With summer just around the corner, we have been inundated with orders for manure, with just a month into our busy season we have exhausted a significant amount of our processed inventory accumulated over the winter. Currently we are working through the bulk manure we have only roughly sorted and are focusing on collection and drying new inventory.
While working through this process the mind wanders and it occurred to me to that we should do a blog post on how customers can properly store manure to last beyond immediate use, for this is not always as obvious as it seems… the process of collection and sorting is always changing, over the last decade we have changed how we collect, sort and process manure many times, primarily trying to find the finished product that would offer the most appeal with the least work. Perhaps the most problematic step in the process is the drying and storing, we are blessed with ideal weather and climate for this process, perhaps no better place in the United States exists. We have extremely low humidity, vast amounts of sun, and short rainy seasons. These factors make this type of product practical here, for someone in a more humid environment the drying and storage would be far more problematic.
Manure sales are a critical aspect of our year round income, while wool sells during winter with some consistency; it is at most a supplemental source of income. The other large source of income is selling rams and lambs, while this is often our largest sales for the year; they are generally one off events and nothing that can be relied upon. Typically lamb sales are once or twice a year, unless a stray buyer or trade comes along.
It is manure sales that offer a relatively consistent sales record; typically it sells year round, though perhaps more during the easing of winter and through the spring. For this reason it is something we spend a great deal of time modifying our methods and product line. Recently we introduced the selling of manure directly through this website, this is primarily because the on-line retail sites are expensive (fees), arrogant and arbitrary in dealing with sellers. Their policies and fees directly increase the costs we must charge, which hampers sales (higher price point), it also increases our expenses which harm our animals. Typically when we have good sales of wool and manure, or sell off lambs, the surplus is largely used to purchase more and better feed, improve structures, and provide the ewes with special treats, like carrots and grains.
Just as the death of a cherished ewe causes sorrow, the birth of new lambs are the bright spot of the year. Generally, for the breed of sheep we raise, this occurs primarily in February and March, which is generally when the weather starts to improve. This lambing season has begun well for us, so far three ewe lambs and only one ram lamb. More importantly, the mother ewes have been among our strongest and youngest animals, which give the lambs the best shot of a problem free “lambhood”. This is also of tremendous value for the shepherd as it relieves the necessity of close monitoring and hand feeding, which often accompanies the birth of a lamb to an older ewe.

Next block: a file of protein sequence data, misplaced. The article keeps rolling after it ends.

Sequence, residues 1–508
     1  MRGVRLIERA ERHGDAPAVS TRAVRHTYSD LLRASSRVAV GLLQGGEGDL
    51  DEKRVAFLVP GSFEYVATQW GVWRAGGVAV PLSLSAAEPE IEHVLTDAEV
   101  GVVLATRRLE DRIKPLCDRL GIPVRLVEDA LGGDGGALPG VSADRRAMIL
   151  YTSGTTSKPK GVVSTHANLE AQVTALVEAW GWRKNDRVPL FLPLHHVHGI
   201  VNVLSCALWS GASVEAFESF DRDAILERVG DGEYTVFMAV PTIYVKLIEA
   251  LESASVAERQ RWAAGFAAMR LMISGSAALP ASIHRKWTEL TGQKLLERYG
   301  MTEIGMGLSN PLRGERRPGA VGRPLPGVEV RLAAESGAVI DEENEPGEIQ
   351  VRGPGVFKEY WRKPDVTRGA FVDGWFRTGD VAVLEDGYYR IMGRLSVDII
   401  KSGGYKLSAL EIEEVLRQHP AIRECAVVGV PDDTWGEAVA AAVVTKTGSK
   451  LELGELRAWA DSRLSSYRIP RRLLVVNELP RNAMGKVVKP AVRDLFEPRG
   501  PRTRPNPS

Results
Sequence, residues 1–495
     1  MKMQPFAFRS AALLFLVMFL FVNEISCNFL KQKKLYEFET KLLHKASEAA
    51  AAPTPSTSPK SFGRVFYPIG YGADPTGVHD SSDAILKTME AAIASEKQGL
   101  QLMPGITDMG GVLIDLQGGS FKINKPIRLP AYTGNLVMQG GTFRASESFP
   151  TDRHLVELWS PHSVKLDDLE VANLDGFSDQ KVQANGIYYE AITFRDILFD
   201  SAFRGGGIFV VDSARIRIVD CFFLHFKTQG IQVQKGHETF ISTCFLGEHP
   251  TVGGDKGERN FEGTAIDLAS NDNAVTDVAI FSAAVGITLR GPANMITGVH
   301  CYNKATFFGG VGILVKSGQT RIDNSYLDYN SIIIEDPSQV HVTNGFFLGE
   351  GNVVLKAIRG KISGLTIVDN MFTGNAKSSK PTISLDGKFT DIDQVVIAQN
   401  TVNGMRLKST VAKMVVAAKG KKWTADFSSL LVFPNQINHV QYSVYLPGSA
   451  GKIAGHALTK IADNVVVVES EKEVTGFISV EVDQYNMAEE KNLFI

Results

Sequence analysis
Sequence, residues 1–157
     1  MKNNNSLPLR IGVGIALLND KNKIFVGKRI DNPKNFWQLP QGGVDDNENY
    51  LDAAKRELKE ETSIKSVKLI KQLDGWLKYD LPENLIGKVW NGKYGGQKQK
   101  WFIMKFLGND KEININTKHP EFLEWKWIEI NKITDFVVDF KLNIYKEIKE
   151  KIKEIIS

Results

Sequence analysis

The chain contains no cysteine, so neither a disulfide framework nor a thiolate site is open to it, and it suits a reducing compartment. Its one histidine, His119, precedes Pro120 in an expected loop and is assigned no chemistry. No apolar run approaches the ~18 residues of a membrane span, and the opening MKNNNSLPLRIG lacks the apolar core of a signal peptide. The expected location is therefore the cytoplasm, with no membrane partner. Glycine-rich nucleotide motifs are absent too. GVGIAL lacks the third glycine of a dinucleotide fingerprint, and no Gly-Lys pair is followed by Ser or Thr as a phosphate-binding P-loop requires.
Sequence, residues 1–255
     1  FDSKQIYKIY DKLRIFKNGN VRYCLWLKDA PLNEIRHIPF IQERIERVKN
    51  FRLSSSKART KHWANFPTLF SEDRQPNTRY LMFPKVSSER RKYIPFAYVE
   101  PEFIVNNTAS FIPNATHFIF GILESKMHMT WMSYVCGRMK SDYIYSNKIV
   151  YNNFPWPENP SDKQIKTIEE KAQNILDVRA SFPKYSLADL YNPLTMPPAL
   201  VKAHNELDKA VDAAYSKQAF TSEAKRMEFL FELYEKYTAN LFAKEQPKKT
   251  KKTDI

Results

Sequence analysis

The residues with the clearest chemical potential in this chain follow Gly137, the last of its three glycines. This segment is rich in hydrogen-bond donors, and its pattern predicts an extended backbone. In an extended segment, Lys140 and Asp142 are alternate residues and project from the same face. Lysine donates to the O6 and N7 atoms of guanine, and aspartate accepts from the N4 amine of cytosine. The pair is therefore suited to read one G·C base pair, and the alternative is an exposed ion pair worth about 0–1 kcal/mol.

Rarely does the death of a sheep cause more than distraction
during the day, sadness for the lost life, but mostly due to the loss of a
productive animal and a nuisance having to bury the animal. We generally place
a higher value to the life and well being of our ewes, they are not only our
greatest resource, lambs, but they are generally tamer and friendlier, less of
a burden to maintain and care for. Over the years that we have raised sheep,
there have been a few that have stood out, while I am very familiar with all of
them, knowing their personalities and habits, a few have found a special place
within the herd. One such animal was a ewe that we have owned for over 11
years, a very productive animal, and mother of several other productive ewes. She
came to us early in our ranching, one of four ewes we bought from a couple
outside of Flagstaff.
She was a spooky little lady for the first few years, but shortly after we
started to shear our own sheep she came to be a little more trusting, knowing
that we didn’t have any desire to harm her. We think it is important that you
shear your own animals if at all possible, while they do not like it, it does
help building trust between and animal and a shepard. If you hire out the work
it is far more difficult to develop a relationship with an animal. Simply put,
sheep are not stupid, they are often incredibly intelligent, – I have found
them more intelligent than many people I deal with… while they are suspicious
of any human presence, the more contact you have with them lessens the fear
they have, at least if you are deliberate in your dealings with them. One
stupid act can undo a week of kindness, but over time, once trust is created,
they can be very tame and friendly. At least it is possible with most ewes, –
some are impossible to reach and this is surely because of past mistakes in
your behavior as a shepard (sheep do not forget or forgive easily).